Blame it on the bloody tampon in the toilet.
There it was at the locker-room by the pool where we take swimming lessons, and now I had to explain to my daughter what it was, even though she was just 6, the type of kid to screech in horror at a scratched toe, convinced of imminent amputation.
Nobody was hurt, I assured her. Everything could be explained right after her lesson, and no, she didn’t have to jump in the deep end today.
Exactly 35 minutes later, bathing suit peeled off in record speed, she demanded an answer.
We didn’t get into the birds and bees; it was enough to describe basic female biology and try to make the bloody remnant a benign symbol of the passage into womanhood. There was talk of eggs, a sense of solidarity in our shared anatomy.
Then a flash of recognition: “That’s why you didn’t let me in the bathroom last week!” Why, yes, there was an upside to this. I could finally take care of business without resorting to the normal subterfuge.
I thought the actual sex talk was on hold for at least a couple of years, until the 1st grade baby scare.
It seems there was a shaman among the 6 to 7-year-old contingent who could determine the exact number of babies each of her friends was fated to carry based on the number of bumps in that particular girl’s wrist. The exact nature and location of these bumps remain a mystery to this day, but apparently my daughter has four, and was destined—or in her eyes, doomed—to bear four children.
From the furrow on her brow, I knew this was not going away as easily as the bloody tampon. “You don’t have to have any more babies than you want,” I said. “You don’t have to have any children. There are ways to prevent pregnancy, and you’re in charge of your body.”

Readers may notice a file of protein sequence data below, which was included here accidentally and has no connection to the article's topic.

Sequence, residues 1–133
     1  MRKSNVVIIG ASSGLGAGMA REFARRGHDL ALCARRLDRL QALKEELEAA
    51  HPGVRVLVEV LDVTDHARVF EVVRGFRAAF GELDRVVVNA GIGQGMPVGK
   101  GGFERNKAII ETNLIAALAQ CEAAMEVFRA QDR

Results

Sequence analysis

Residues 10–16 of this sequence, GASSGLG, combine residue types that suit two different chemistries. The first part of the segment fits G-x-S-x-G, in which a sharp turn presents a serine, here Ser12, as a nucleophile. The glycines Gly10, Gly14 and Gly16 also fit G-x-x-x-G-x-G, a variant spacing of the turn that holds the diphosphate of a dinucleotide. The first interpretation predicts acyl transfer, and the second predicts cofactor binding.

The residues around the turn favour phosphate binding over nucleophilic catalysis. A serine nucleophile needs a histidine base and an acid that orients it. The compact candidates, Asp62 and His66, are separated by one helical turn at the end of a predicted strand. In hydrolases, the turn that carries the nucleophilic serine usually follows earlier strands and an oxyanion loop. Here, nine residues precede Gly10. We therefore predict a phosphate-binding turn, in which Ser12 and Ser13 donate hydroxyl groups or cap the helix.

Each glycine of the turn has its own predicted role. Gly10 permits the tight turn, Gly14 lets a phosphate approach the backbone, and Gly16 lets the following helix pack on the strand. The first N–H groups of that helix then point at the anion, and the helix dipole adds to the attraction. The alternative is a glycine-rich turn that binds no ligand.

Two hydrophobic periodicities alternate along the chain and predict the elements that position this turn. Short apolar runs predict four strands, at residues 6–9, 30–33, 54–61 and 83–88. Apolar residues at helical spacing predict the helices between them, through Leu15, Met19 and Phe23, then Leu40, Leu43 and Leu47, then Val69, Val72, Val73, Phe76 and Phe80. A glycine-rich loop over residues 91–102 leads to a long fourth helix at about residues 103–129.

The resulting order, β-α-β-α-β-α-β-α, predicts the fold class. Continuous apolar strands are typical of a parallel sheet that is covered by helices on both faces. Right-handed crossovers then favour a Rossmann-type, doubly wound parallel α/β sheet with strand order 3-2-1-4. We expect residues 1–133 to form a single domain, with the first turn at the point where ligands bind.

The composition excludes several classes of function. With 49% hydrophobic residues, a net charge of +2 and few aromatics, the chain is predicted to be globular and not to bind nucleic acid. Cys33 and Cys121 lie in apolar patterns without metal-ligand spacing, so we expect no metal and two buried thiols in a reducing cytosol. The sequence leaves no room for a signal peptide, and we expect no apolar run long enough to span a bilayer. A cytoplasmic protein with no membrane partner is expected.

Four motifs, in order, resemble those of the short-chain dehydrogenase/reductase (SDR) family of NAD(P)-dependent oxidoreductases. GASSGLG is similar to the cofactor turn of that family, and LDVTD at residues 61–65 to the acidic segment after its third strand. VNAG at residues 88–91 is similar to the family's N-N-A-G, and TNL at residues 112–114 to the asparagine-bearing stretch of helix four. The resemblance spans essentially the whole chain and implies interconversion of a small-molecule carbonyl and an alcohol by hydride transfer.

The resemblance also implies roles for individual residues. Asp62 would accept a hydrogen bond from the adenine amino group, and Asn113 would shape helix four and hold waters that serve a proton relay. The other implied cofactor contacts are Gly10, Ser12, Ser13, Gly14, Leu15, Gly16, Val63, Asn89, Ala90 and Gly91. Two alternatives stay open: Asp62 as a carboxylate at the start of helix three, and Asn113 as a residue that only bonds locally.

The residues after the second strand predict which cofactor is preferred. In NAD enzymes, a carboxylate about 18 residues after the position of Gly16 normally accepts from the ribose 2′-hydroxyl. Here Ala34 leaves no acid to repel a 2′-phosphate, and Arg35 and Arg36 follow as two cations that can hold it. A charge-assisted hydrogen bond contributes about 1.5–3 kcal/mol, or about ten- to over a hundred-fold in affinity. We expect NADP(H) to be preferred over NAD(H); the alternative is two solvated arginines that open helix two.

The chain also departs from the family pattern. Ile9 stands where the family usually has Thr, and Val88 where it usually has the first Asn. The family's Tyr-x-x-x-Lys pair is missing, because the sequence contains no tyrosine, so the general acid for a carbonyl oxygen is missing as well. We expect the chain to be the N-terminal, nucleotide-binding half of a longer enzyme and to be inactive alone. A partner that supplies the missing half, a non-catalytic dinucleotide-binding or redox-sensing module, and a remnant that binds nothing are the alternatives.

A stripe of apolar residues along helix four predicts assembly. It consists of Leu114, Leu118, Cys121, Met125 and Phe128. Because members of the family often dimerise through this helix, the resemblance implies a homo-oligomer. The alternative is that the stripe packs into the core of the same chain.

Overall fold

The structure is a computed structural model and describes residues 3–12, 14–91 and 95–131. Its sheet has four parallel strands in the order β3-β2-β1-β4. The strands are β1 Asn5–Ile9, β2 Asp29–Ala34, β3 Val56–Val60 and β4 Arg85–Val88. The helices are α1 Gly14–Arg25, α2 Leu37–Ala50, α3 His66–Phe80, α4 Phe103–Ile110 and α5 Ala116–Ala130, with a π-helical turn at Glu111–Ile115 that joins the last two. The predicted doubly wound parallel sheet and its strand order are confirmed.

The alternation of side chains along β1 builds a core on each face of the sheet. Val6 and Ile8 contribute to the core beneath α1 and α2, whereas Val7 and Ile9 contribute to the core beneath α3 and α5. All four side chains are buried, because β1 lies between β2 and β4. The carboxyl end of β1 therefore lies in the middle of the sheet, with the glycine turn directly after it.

The furrow deepened. I wasn’t going to get away with explaining birth control and skipping over the most important part.
If I was feeling uneasy, it may be because my parents never had the sex talk with me. Relieved that I was a voracious and completely undiscerning reader, they let me cobble together an education from Judy Blume, Jackie Collins, and Jean Auel, the great literary trifecta of the ‘80s. Nothing was off limits if it was in a book, though I wonder if their tolerance would have been tested had they known I was reading the best parts of “Forever” out loud to my friends.
Realizing that this bump business was causing my daughter real anxiety, I, the parent who scours the internet for the lowdown on everything from rashes to sunscreen, did the scariest thing since birthing this girl: I explained to her how she came to be without consulting any message board or a TED talk.
“Bumps on your wrist do not mean babies,” I said, conjuring a voice that was both serene and matter of fact and very little like my own.
It sounded pretty good so I kept going.
The basics out of the way, the furrow smoothed at last, I gave my daughter three rules:
1. In recognition of my past sins, please don’t go and tell all your friends about this because I am very certain that their parents want to tell them in their own way and in their own time.
2. Nobody should ever make you have sex or touch your body in a way that makes you uncomfortable.
3. Sex, when you’re ready, feels nice, and it’s not just for making babies.
In the almost two years since that talk, nothing has been off limits. We’ve tackled how two mommies make a baby, how somebody born with boy parts may feel like a girl, and yes, the realization that all of us—grandparents and parents—have done this thing. (There’s a charming hand gesture she’s come to rely on in lieu of italics.)
Then, last week, she came home and asked a question that was harder to answer than all the others. Somewhere she had heard that a woman could “sell her body for money.” (It might have been related to a sudden fascination with “Les Misérables.”)
“How do you sell an arm or leg for money; how exactly does that work?” she wanted to know, between bouts of giggles.
“I’ll explain,” I said, realizing that her laughter was a little too hysterical; there was an edge there, the kind that creeps into kid’s voices when they know something is off.
“Somebody can be desperate; they might feel they have no choice,” I said, as her eyes widened. “It’s illegal in most places, and I think it’s sad.”
All this time, I had managed to maintain a sheen of positivity and wholesomeness on everything sex-related; this was the first time she was seeing that there could be another side.
All she could say in the end was, “That doesn’t seem fair.”
No, it doesn’t.
We commiserated for a moment, and then she bounded off to have dessert and tell her little sister all about the bouncy castle at the school carnival.
She’s still a kid after all, figuring out life one bloody, bumpy question at a time.